Faced with the worrying economic decline of Alaska’s most valuable tourism destination, Denali National Park and Preserve, you’d think state government would want to do everything possible to turn this decline around, particularly with our struggling economy. Not so with the Dunleavy administration.
The National Park Service reports that the number of visitors to Denali fell from approximately 643,000 in 2017 to 595,000 in 2018, while visitor spending at Denali declined from $632 million to $602 million. That’s 48,000 fewer visitors and $30 million less spending in just one year.
One of the main reasons visitors come to Denali from around the world is to see Alaska wildlife, including wolves.
But due to the state’s irrational resistance to protecting wildlife along the northeast boundary of the park, wolf viewing this year dropped to its lowest level on record — just 1%. In 2010, just before the state removed the small protective buffer on state lands, visitor viewing success for wolves in the park was 45%. With 595,000 visitors, that would equate to over 265,000 visitors having the opportunity to view wolves in the wild at Denali. But this year, only about 6,000 people would have had the same opportunity.
So this year alone, the experience for more than a quarter-million paying visitors to Denali, among them thousands of Alaskans, was diminished. This is due mostly to the same irrational hatred of wolves that almost eliminated them from the continental U.S. last century.
In contrast with Denali, after the 1995 reintroduction of wolves at Yellowstone National Park, wolf viewing success there averages 70% and contributes over $35 million annually to the states of Idaho, Montana and Wyoming. Again, that’s a 70% chance of seeing wolves at Yellowstone, 1% at Denali. Considerable economic potential exists at Denali if wolf-viewing success can be restored.
In an effort to do just that, Alaska residents filed two emergency petitions this year with the Alaska Board of Game and Department of Fish and Game, asking the state to close wolf hunting and trapping along the northeast park boundary. The commissioner denied both petitions, and the Board of Game has, so far, ignored the petitions.
The commissioner has directed public concerns on the issue to the Board of Game, which will consider a limited, inadequate Denali buffer proposal at its meeting in March. But as the game board, composed exclusively of hunters and trappers, has declined every Denali buffer petition presented to it for over a decade, and even imposed a legally indefensible moratorium on considering any Denali buffer proposal for many years, citizens are not optimistic.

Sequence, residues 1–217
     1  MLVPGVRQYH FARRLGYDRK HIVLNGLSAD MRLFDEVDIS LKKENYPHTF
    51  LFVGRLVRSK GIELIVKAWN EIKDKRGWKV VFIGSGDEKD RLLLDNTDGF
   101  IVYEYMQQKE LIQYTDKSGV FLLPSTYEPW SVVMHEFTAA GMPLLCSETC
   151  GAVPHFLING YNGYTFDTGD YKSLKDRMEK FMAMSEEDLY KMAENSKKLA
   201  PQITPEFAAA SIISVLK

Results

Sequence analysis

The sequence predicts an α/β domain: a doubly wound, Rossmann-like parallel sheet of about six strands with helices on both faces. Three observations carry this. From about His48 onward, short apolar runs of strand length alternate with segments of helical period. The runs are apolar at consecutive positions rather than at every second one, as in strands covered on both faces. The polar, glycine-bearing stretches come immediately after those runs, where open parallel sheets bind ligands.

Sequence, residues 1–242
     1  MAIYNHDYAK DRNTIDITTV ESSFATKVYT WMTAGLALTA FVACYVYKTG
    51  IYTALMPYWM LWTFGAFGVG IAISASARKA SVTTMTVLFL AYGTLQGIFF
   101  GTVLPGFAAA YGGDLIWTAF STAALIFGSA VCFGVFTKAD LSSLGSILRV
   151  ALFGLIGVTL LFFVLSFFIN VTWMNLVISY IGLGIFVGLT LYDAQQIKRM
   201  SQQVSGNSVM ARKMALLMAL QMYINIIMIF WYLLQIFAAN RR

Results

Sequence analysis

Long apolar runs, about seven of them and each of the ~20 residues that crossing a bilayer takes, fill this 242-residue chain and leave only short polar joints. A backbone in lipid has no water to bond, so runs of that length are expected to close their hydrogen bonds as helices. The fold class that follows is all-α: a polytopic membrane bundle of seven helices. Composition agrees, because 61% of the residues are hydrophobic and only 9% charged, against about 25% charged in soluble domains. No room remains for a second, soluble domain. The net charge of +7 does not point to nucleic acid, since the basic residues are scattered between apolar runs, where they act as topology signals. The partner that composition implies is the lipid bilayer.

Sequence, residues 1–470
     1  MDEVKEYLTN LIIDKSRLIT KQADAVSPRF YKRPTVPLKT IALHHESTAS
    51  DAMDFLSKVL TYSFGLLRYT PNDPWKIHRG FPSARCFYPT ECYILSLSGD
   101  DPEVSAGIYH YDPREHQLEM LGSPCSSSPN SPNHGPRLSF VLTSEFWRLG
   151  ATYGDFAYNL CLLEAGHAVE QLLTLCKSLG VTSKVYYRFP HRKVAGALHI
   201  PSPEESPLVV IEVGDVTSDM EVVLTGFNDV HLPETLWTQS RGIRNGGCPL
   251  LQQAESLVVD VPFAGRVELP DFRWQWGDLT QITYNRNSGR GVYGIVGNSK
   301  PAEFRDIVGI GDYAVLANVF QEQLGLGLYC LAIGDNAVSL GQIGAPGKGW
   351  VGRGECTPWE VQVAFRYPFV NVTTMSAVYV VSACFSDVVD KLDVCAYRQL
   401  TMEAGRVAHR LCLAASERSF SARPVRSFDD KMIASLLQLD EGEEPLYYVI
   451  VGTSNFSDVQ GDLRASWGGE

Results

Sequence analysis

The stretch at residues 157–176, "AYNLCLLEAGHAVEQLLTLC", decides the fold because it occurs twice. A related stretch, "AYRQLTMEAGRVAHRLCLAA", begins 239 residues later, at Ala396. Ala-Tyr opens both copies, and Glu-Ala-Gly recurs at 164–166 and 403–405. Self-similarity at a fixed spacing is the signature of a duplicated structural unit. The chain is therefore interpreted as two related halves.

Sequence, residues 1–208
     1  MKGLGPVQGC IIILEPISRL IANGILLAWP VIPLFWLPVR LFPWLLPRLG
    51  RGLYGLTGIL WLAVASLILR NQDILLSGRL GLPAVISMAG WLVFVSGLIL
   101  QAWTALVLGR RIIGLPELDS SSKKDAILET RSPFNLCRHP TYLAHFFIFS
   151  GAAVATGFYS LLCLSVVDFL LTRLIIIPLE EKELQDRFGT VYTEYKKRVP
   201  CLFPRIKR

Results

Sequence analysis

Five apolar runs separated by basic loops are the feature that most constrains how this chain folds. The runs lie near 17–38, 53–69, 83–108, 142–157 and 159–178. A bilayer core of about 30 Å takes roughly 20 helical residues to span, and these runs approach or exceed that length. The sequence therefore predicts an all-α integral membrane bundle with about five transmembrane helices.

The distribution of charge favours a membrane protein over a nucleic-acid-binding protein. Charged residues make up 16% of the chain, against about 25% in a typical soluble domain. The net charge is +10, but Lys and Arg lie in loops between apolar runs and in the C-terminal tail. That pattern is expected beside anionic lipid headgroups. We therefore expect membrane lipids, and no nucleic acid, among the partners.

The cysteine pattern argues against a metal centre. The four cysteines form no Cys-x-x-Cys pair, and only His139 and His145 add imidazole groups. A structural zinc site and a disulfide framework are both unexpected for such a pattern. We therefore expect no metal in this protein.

Park research has shown that the loss of even one significant breeding wolf can cause the disintegration of entire family groups, leading to a dramatic decline in visitor viewing. Denali cannot afford to lose any more wolves to the few hunters and trappers along the northeast boundary.
Opponents of a Denali buffer argue that the park’s 6 million acres should be enough for wildlife, ignoring the fact that wildlife are fully protected only within the 2 million acre wilderness core of the park. Further, the Department of Fish and Game concedes that 97.6% of all land in Alaska is open to wolf hunting, with only 2.4% closed (the core of the original parks at Denali, Katmai, and Glacier Bay). So approximately 350 million acres is open to killing wolves, and 10 million acres is closed. And while there are indeed multiple sources of mortality for Denali wolves, the only one we can control is hunting and trapping.
Even more troubling is that Alaska’s multibillion-dollar tourism industry remains silent on this issue. In 2016, Alaskans pleaded with the Alaska Travel Industry Association for its help advocating a Denali wildlife buffer on state lands, but the association declined due to fear of political retaliation by the state.
An opinion poll of Alaskans last year showed overwhelming support for a no-kill buffer to protect wolves, bears, lynx and wolverines along the boundary of Denali — 54% in favor, 37% opposed, 9% undecided.
If Alaskans are concerned and want to weigh in on this, now is the time. People should email the Board of Game, in care of Executive Director Kristy Tibbles (email@example.com) and request that the board hold an emergency meeting soon to consider the Denali emergency buffer petitions before the next scheduled season opening Nov. 1.
Rick Steiner is a biologist living in Anchorage and was a professor with the University of Alaska for 30 years.